By Lilit Harutiunian
Nearly 300 Armenian intellectuals and other public figures have appealed to Turkey to acknowledge that the 1915 mass killings of Armenians in the Ottoman Empire constituted genocide, saying that is a necessary condition for Turkish-Armenian reconciliation.
In an open letter to Turkish President Abdullah Gul made public on Tuesday, they said modern-day Turkey bears “hereditary responsibility” for what they consider an “monumental crime against humanity.”
“Genocide is a crime against humanity and present civilization values, and no individual, organization or even state authority can cast doubt on what happened,” the letter said, challenging Ankara’s vehement denial of any government policy to exterminate Ottoman Turkey’s Armenian population.
“Your generation of Turkish leaders must accept the undeniable truth and recognize the fact of the Armenian Genocide … Only in that case can there be a sincere dialogue and a process of real reconciliation between our peoples,” it said.
The letter was apparently initiated by prominent writers, musicians and artists close to Armenia’s ruling establishment, suggesting that it was approved by President Serzh Sarkisian. The latter has been instrumental in an unprecedented thaw in Turkish-Armenian relations observed in recent months. Sarkisian has won plaudits in the West for inviting Gul to visit Yerevan and watch with him a September match between Armenia’s and Turkey’s national soccer teams.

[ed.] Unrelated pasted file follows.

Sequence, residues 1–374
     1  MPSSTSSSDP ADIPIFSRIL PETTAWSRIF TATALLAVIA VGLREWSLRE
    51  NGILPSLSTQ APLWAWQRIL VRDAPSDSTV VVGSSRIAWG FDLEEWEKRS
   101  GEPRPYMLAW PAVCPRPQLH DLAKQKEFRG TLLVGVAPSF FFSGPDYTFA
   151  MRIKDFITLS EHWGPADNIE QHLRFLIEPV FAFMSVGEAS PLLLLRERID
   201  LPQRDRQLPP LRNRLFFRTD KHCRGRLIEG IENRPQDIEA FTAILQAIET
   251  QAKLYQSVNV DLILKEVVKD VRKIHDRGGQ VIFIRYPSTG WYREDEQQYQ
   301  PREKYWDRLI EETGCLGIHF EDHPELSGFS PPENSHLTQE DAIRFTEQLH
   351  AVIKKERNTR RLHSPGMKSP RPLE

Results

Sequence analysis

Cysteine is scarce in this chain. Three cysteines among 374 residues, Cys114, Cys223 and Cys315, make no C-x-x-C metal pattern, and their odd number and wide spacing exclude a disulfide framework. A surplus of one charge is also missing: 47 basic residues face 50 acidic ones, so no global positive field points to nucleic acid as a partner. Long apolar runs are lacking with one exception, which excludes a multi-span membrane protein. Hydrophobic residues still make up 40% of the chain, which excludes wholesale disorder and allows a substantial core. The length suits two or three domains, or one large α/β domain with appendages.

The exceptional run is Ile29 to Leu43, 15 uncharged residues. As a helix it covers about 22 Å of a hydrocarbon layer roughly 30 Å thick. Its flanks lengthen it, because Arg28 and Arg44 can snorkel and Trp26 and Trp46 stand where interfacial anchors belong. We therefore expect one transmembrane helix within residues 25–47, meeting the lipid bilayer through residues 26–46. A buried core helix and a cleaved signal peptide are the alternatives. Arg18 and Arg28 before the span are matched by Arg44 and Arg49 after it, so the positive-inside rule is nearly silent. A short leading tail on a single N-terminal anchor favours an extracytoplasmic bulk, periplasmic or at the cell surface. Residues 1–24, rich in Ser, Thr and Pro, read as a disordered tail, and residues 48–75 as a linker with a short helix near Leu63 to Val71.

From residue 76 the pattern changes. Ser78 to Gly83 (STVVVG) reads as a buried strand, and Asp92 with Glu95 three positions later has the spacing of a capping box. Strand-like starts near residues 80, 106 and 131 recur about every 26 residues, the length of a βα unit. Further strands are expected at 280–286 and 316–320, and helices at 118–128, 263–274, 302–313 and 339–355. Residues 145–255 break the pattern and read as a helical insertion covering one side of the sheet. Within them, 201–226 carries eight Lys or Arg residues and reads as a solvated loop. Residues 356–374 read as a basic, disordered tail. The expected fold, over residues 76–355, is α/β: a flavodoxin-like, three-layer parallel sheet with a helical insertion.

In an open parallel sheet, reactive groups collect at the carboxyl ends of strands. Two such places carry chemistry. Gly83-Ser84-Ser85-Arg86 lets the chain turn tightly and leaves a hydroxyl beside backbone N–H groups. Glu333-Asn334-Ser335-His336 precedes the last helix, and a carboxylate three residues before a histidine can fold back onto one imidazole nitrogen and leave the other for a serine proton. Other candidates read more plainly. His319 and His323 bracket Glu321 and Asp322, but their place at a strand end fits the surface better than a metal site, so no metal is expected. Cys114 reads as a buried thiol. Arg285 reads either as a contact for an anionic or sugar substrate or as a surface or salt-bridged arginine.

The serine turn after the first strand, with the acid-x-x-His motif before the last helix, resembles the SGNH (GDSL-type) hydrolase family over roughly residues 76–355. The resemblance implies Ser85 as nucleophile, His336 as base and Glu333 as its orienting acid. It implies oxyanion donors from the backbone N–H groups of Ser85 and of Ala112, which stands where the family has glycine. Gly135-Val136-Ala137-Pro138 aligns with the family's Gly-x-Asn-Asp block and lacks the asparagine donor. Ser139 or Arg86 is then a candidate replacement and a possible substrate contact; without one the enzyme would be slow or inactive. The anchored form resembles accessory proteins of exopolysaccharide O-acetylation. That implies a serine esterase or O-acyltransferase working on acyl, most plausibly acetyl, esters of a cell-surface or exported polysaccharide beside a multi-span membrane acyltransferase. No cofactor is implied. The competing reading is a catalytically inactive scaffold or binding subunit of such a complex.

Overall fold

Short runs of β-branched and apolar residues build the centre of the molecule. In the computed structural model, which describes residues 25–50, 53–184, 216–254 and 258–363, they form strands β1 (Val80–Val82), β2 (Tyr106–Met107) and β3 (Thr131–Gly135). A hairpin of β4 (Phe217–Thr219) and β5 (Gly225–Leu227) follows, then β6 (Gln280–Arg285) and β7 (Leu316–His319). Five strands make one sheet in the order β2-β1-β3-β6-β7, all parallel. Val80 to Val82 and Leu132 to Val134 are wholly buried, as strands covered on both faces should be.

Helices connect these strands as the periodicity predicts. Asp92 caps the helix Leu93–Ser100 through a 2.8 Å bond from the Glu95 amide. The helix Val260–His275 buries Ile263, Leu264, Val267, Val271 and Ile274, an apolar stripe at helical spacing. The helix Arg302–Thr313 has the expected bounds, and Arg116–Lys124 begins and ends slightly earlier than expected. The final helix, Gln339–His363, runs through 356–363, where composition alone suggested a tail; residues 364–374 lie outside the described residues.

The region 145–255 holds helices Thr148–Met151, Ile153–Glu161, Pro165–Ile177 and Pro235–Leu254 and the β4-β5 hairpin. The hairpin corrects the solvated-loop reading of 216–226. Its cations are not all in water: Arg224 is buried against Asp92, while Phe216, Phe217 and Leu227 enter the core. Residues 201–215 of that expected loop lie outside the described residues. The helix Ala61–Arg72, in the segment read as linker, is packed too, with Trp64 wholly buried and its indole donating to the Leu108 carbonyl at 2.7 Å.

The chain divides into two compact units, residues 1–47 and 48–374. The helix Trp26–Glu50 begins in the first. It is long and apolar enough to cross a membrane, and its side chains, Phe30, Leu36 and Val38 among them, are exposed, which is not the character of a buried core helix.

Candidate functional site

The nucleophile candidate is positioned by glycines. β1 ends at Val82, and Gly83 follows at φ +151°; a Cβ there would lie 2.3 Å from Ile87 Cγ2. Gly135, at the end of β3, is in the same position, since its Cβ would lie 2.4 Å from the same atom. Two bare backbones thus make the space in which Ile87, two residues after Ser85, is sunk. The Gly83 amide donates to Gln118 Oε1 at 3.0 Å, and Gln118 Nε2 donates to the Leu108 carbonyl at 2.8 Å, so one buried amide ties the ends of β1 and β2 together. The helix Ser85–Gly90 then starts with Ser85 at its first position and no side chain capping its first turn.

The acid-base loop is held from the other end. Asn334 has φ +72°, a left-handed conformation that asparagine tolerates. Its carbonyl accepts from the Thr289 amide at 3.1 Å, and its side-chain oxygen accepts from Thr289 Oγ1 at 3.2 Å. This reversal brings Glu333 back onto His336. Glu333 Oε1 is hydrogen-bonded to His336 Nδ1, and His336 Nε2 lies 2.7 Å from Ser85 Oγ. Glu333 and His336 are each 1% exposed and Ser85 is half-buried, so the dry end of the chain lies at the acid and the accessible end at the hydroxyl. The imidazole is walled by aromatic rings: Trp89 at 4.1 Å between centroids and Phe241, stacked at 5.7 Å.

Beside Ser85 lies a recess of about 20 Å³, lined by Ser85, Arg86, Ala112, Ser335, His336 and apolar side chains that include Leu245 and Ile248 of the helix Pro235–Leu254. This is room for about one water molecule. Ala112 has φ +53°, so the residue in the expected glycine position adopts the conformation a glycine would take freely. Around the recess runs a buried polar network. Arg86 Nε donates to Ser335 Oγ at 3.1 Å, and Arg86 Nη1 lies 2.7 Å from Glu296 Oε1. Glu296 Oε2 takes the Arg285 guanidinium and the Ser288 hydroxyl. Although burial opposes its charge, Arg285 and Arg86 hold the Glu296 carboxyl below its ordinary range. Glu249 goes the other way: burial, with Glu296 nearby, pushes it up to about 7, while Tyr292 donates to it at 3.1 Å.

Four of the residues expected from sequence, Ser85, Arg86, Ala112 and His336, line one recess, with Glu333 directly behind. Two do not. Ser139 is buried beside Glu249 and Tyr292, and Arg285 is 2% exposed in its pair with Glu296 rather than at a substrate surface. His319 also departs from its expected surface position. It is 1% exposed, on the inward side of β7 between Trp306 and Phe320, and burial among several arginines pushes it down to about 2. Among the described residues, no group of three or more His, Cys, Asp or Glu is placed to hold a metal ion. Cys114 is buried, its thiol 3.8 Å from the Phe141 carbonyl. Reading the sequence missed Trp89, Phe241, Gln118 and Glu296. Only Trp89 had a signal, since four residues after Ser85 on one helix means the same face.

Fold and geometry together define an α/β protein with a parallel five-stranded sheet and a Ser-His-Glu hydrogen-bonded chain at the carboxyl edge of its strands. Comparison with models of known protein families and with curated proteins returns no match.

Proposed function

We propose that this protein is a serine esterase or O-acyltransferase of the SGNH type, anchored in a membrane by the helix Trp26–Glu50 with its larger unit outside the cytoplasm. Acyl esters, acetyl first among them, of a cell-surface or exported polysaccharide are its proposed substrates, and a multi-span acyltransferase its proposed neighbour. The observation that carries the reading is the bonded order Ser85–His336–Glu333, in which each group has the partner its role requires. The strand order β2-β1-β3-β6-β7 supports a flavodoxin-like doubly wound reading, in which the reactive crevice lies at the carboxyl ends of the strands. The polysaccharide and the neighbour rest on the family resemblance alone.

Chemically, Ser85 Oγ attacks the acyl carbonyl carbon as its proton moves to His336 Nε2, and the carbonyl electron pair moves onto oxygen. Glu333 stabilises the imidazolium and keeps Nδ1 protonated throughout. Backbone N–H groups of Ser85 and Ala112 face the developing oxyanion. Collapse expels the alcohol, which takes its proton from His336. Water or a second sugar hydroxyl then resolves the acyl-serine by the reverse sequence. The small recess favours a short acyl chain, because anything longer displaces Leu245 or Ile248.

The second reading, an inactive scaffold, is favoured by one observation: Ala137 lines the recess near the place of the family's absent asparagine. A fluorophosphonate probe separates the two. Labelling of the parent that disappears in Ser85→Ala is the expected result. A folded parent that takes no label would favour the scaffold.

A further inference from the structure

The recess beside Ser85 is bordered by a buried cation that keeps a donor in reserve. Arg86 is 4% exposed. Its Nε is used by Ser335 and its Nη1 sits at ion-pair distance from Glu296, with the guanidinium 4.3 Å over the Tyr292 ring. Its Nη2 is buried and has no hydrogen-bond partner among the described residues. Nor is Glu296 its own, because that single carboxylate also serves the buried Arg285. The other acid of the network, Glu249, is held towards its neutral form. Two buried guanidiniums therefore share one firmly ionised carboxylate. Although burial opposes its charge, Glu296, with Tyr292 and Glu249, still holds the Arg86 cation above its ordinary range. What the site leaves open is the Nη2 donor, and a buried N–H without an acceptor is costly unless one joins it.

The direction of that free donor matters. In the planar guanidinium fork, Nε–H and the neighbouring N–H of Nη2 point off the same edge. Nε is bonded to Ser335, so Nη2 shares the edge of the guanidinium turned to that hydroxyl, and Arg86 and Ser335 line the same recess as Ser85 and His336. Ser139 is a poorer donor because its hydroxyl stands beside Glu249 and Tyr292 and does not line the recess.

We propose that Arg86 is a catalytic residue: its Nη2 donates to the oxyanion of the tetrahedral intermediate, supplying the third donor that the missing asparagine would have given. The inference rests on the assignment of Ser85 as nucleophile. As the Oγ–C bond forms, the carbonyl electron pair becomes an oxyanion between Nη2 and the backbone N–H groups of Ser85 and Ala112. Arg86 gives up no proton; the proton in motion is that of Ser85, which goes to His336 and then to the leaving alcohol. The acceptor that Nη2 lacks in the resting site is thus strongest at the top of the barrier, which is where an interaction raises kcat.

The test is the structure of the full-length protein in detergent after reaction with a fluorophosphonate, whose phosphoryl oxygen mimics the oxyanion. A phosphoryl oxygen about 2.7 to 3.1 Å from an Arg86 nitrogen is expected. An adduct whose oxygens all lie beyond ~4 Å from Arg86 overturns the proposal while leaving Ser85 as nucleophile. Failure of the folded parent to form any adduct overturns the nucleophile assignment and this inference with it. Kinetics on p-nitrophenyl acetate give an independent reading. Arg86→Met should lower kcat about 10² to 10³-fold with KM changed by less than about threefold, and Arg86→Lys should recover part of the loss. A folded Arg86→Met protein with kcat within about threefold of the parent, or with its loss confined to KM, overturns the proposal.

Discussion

The so-called “football diplomacy” was followed by a series of further negotiations between the Turkish and Armenian foreign ministers. It is still not clear, however, whether Ankara is ready to normalize relations with Yerevan before a resolution of the Nagorno-Karabakh conflict.
The unprecedented open letter to Gul was welcomed on Tuesday by Giro Manoyan, a leading member of the Armenian Revolutionary Federation (Dashnaktsutyun), a junior partner in the ruling coalition that has watched with unease Sarkisian’s diplomatic overtures to the Turks. “I think this letter is significant in the sense that it originated from Armenia and clearly reflects our public’s view that it is impossible to evade the issue of genocide recognition,” Manoyan told reporters.
Dashnaktsutyun’s top governing body urged the Sarkisian administration last week to exercise caution in the ongoing rapprochement with Turkey, saying that Ankara is using it to scuttle recognition of the Armenian genocide by more countries, notably the United States.